The Caddo Parish Coroner, Dr. Todd Thoma, testified that he found bruising on the boy’s lips that were caused by being pushed against his teeth and were “classic” signs that Roderius was smothered. Thoma said his opinion as to the cause of death was strengthened by other areas of bruising, suggestive of “multiple episodes of abuse,” although he conceded they had nothing to do with the suffocation. Thoma also said the boy’s bronchopneumonia “was not significant enough to have killed the child” and had nothing to do with his death.

The defense called Dr. Daniel Joseph Spitz, a forensic pathologist and chief medical examiner for two counties in Michigan, as well as an assistant professor of pathology at Wayne State University, a clinical educator at Michigan State University, and a private consultant. Spitz testified that Roderius was “not a healthy child," and was coughing, wheezing, and had a runny nose.

Spitz told the jury Roderius "died as a result of ... bilateral bronchopneumonia" that caused the child to become septic and die "of those infectious complications."

Spitz also noted that a streptococcal infection was present in the blood, which indicated that Roderius “was, in fact, septic as a result of this infection." That condition "can cause significant cardiovascular consequences." Spitz said it was "implausible" to conclude that Roderius "just happened to be smothered in some untoward fashion."

On cross-examination, the prosecution challenged Spitz’s credibility and reliability, noting that he had botched an autopsy in which he said the cause of death was undetermined. A second autopsy commissioned by the family of the dead man found a bullet wound in the back of the man’s head, suggesting he had committed suicide.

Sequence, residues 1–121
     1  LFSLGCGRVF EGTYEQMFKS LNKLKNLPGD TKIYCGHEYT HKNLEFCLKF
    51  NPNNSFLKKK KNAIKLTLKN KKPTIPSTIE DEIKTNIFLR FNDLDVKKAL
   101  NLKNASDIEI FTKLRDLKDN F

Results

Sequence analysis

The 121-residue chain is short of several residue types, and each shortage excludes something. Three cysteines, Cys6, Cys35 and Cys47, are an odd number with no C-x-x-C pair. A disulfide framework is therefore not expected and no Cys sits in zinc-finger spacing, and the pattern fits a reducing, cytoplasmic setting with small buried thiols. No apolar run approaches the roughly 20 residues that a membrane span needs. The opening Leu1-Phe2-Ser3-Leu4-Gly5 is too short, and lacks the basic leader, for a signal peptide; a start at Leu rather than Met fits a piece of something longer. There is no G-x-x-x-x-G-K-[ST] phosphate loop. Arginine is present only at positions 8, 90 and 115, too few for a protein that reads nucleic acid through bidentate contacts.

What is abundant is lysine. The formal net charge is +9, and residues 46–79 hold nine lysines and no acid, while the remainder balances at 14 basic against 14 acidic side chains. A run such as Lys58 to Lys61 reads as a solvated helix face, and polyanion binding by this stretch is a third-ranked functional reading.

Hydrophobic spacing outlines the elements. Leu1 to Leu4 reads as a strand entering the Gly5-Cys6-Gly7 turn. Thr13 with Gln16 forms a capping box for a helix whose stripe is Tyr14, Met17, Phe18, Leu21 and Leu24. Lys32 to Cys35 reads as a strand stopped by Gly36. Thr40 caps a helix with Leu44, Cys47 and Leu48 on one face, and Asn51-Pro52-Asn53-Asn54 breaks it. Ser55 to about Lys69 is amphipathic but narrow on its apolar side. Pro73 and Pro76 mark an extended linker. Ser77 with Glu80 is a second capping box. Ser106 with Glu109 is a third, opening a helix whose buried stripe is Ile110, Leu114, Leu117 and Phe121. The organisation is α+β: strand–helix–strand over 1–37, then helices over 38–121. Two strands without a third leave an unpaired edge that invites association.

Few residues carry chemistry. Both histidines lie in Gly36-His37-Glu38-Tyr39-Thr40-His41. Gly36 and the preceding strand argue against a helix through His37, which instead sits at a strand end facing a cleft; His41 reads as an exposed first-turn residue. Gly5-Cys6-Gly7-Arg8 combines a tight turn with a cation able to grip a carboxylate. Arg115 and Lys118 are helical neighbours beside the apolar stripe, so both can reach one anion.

Spitz admitted that he "never ruled out smothering,” but believed that the existence of the bilateral pneumonia was more likely the cause of death.

On November 12, 2013, the jury convicted Crawford of first-degree murder. The penalty phase then commenced and during closing argument, Caddo Parish prosecutor Dale Cox argued that Jesus Christ had commanded that death be the punishment in the case. He cited Jesus as saying, “To the adult, who would harm one of these, (referring to children) woe be unto you, who would harm one of these. Now, this is Jesus Christ of the New Testament. It would be better if though you were never born. You shall have a millstone cast around your neck and you will be thrown into the sea . . .the thing about Christ…He reached a just verdict which is what the law asks you to reach in this case: A just verdict...And that's why I think that we should not lightly disregard His words when He talks about what He would do to someone who hurt one of these...what He would do.”

The jury then retired to deliberate and the following day, November 13, 2013, it voted to impose the death penalty.

The defense moved for a new trial on the basis that Cox misquoted and misinterpreted biblical authority in the argument that Jesus would punish one who harms a child with the death penalty and thus violated Crawford’s right to a fair trial. The defense presented affidavits from three theologians who said that the passage that Cox referred to was not a mandate that those who harm children must be put to death, but instead a warning about not leading the vulnerable faithful into sin. The motion was denied.